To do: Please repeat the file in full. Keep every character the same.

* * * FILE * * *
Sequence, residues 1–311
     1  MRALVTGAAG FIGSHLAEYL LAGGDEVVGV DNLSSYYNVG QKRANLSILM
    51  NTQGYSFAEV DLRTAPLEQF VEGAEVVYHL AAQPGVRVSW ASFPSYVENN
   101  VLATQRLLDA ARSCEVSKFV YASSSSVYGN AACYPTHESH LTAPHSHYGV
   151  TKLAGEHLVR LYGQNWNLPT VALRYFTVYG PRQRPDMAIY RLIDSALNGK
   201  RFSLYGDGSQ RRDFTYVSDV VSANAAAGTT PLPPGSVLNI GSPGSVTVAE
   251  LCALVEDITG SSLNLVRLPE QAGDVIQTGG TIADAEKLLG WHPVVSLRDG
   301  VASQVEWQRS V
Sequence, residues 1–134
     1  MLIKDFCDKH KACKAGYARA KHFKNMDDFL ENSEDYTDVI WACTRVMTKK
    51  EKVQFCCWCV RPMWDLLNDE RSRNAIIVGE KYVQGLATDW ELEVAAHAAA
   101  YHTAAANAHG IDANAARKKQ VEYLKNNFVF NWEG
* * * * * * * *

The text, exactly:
Sequence, residues 1–311
     1  MRALVTGAAG FIGSHLAEYL LAGGDEVVGV DNLSSYYNVG QKRANLSILM
    51  NTQGYSFAEV DLRTAPLEQF VEGAEVVYHL AAQPGVRVSW ASFPSYVENN
   101  VLATQRLLDA ARSCEVSKFV YASSSSVYGN AACYPTHESH LTAPHSHYGV
   151  TKLAGEHLVR LYGQNWNLPT VALRYFTVYG PRQRPDMAIY RLIDSALNGK
   201  RFSLYGDGSQ RRDFTYVSDV VSANAAAGTT PLPPGSVLNI GSPGSVTVAE
   251  LCALVEDITG SSLNLVRLPE QAGDVIQTGG TIADAEKLLG WHPVVSLRDG
   301  VASQVEWQRS V
Sequence, residues 1–134
     1  MLIKDFCDKH KACKAGYARA KHFKNMDDFL ENSEDYTDVI WACTRVMTKK
    51  EKVQFCCWCV RPMWDLLNDE RSRNAIIVGE KYVQGLATDW ELEVAAHAAA
   101  YHTAAANAHG IDANAARKKQ VEYLKNNFVF NWEG